This article was originally published in Moment. You can access the original article here.
by Abby Wingfield and Fallon Roth
Is interfaith activism a key piece of the puzzle in advocating for abortion and reproductive rights in the United States?
Although lawmakers in red states have emphasized religious ideals as a rationale for their restrictions on abortion, many Jewish leaders disagree. In some cases, rabbis in these states have built alliances with their counterparts from other faiths, and they hope that by doing so they can better advocate for reproductive rights in their communities.
“Those are the conversations we can have in an interfaith and multifaith setting that reflect the diversity of who we are as a country and reflect true religious pluralism,” says Rabbi Nancy Kasten, a leader of Faith Commons, a group that promotes interfaith work on a host of liberal issues in Texas. The group’s leadership includes a reverend, a rabbi (Kasten) and an imam. Kasten believes there is a “common good” in interfaith work surrounding abortion rights.
“Claims about when life begins are theological claims, and that impacts Jews, Muslims, secular people and many others who may understand this biological process differently,” Rabbi Danya Ruttenburg wrote earlier this year in a “Moment Debate” on whether a ban on abortion would curtail Jews’ religious freedom. Shlomo Brody, co-dean of Tikvah Online Academy, argued the “no” position, but agreed that an abortion might be required according to Jewish law if the mother’s life is in danger. “Abortion in general, at least abortion at will, is not mandated by Jewish religious law,” wrote Brody. “Some argue that it’s in the best interest of the Jewish community that abortions stay legal and safe, in order to give women the freedom to have abortions in cases where it is mandated or permitted by halacha.”
The Supreme Court decision in Dobbs v. Jacksons Women’s Health Organization, leaked in May and issued in June, overturned the long-standing legal precedent which enshrined abortion access as a constitutional right under Roe v. Wade, and returned the power to legislate the hot-button issue to the states. There is a near-total abortion ban in Texas, where Kasten works, with exceptions in the event of the mother’s life being endangered, according to the American Civil Liberties Union-Texas. There are no exceptions for rape or incest.
Faith Commons is considering whether to help women in Texas who are seeking abortions manuever around legal barriers in the state. “Taking a risk and going out on a limb to help people is a good thing,”says Rabbi Kasten. “But you may undermine your own ability to continue to do that work if you’re shut down legally, or if you’ve created yet another notch in the belt of right-wing conservatives.”
The Faith Commons website expands on the interfaith organization’s values surrounding reproductive rights. “Some of us believe that women have the right to full reproductive health care, including abortions. Some of us regard the unborn child with a sanctity that should be preserved at all costs. All of us want to see ‘pro-lives’ policies that support women in the journey of pregnancy, birth and raising children, like healthcare, paid leave and childcare.” In an interfaith setting, individuals can have in-depth conversations about abortion, including when life begins and how abortion is health care, says Rabbi Kasten.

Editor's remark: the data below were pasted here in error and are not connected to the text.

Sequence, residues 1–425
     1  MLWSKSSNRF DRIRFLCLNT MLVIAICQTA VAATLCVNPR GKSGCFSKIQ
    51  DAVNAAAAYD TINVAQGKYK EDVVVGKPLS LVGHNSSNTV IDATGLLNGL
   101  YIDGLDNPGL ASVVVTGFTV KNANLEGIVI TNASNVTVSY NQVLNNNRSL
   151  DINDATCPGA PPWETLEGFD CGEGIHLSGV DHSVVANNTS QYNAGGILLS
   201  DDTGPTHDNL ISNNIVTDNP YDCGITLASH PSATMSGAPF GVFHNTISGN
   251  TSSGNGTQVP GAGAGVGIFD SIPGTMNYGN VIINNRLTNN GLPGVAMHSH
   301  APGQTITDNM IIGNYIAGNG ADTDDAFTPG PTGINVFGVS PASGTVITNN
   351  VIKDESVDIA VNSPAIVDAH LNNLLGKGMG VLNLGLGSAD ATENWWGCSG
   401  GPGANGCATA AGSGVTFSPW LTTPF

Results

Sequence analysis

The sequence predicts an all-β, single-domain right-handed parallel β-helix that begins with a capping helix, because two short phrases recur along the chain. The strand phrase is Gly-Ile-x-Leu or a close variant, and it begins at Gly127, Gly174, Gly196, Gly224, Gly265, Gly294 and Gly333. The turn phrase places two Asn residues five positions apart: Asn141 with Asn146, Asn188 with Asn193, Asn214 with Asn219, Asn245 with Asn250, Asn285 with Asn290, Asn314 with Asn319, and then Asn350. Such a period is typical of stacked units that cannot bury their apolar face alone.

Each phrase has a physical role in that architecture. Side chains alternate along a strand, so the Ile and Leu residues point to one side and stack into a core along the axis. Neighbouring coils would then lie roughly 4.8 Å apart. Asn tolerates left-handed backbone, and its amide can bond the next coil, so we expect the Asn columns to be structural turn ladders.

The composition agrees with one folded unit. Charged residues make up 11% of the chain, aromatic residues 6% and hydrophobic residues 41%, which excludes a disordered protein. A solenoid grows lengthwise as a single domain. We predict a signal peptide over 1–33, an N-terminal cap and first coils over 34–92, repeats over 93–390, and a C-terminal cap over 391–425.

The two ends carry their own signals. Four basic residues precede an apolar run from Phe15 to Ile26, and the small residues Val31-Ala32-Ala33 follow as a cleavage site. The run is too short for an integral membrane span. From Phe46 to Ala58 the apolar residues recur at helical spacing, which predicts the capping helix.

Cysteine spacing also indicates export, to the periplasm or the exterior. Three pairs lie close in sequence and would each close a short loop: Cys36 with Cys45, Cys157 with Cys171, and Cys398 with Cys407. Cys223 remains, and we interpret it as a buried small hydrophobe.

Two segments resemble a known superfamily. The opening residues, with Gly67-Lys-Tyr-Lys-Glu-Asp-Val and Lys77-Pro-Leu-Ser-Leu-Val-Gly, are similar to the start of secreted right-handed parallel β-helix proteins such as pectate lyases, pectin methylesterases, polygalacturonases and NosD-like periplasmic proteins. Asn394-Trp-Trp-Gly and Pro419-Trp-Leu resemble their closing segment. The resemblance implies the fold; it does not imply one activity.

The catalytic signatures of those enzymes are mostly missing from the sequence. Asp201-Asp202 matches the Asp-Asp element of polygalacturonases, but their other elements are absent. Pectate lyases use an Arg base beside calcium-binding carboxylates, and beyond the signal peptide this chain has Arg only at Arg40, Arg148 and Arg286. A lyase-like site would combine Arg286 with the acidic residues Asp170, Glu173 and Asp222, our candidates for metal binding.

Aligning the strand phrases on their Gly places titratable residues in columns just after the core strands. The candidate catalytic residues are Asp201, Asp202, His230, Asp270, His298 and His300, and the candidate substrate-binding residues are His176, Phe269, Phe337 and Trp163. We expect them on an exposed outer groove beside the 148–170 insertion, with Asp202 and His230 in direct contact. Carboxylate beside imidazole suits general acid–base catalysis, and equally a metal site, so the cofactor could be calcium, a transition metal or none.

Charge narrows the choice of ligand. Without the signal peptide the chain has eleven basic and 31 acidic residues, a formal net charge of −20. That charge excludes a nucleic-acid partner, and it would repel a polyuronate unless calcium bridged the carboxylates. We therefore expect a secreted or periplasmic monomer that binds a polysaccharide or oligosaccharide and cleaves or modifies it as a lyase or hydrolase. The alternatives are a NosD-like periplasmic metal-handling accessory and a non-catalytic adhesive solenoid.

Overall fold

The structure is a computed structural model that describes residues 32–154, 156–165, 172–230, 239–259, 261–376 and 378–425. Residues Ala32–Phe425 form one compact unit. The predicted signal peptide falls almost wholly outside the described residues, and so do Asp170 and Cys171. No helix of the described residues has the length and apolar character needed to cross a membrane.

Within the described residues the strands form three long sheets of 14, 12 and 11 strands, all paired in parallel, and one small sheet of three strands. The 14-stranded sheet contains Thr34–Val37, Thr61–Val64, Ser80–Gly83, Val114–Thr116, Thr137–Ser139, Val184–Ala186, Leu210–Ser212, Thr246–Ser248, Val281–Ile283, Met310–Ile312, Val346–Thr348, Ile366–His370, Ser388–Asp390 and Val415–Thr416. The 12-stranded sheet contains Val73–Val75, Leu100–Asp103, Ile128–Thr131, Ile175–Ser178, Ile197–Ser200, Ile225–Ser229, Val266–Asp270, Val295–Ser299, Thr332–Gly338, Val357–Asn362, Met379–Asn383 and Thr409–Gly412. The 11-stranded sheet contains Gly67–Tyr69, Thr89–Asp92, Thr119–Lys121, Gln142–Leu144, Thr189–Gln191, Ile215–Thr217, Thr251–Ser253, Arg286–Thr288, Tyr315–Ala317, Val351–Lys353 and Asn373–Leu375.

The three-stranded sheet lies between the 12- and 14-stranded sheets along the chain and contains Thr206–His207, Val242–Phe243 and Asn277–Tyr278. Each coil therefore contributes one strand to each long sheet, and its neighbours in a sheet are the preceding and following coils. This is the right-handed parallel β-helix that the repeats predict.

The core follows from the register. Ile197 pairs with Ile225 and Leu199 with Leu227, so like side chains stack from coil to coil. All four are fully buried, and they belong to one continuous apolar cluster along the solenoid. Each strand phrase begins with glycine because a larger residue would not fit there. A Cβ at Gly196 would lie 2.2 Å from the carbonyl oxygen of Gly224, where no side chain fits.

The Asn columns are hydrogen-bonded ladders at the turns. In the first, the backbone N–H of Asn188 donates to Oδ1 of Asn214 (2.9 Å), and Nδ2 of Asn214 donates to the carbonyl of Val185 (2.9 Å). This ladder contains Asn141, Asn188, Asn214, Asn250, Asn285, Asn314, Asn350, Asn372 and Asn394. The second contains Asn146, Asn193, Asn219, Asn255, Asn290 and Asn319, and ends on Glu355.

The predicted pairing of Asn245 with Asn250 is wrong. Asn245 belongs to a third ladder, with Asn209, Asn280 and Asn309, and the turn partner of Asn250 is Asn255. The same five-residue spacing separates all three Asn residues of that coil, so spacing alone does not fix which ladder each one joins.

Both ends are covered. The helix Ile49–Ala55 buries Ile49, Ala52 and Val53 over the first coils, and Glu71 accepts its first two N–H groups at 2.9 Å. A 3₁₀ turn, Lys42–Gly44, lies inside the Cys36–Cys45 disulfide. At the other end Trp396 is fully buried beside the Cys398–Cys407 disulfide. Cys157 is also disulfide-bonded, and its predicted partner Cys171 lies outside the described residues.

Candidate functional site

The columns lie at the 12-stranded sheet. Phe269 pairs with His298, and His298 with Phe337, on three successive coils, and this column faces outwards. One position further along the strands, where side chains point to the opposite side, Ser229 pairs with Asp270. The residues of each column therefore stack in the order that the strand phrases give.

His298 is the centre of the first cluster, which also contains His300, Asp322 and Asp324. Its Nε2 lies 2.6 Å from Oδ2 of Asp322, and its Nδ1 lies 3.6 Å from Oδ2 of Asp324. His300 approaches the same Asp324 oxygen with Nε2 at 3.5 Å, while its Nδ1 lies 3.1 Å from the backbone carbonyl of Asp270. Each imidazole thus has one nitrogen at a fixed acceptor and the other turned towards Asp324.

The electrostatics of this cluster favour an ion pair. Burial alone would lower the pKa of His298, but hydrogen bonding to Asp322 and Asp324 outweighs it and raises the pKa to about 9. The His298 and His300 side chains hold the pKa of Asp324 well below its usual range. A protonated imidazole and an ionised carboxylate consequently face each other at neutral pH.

“For far too long, the conservative Christian right, the evangelical Christian Church, has monopolized the conversation regarding abortion,” says Rabbi Kelly Levy from Congregation Beth Israel, in Austin, Texas. “Many, many people of faith support abortion, including Jewish people, and including other faiths as well.”
Interfaith initiatives are also underway in other states. In Oklahoma, where abortion is banned except in life-threatening cases or in instances of rape or incest, Temple B’nai Israel has a long-time relationship with a United Church of Christ congregation in their area. According to Rabbi Vered Harris, the two houses of worship co-teach their fifth and sixth graders in a reproductive rights curriculum.
Rabbi Craig Lewis, in Chattanooga, Tennessee, says he is part of a “multidenominational group of interested and passionate clergy.” While this group has not yet taken collective action for safe abortion access, individually “[they’ve] all taken stances, signed letters, and done teachings at [their] places of worship,” he says.
Back in 2016, Rabbi Lewis signed an amicus brief in favor of protecting women’s reproductive right to terminate a pregnancy in accordance with her faith, along with leaders from Catholic, Methodist and other religious communities. The document was put out in response to Texas House Bill No. 2 which greatly limited abortion rights in the state.
Nationally, Rabbi Hara Person, Chief Executive of the Central Conference of American Rabbis (CCAR), a national organization aiding rabbis who serve Reform Jews, says that CCAR works closely with the Religious Action Center of Reform Judaism (RAC) to put out statements and provide resources to those in need of safe reproductive care in the Washington, DC, area. Person was invited and attended an event at the White House alongside other faith leaders at which they discussed the different religious groups’ responses to the Dobbs decision with policymakers.
“It’s really important to come together with other faith groups and faith leaders who share values, like abortion access, so that we can actually speak out in a unified fashion and show that together we’re actually the majority, not the minority,” says Person.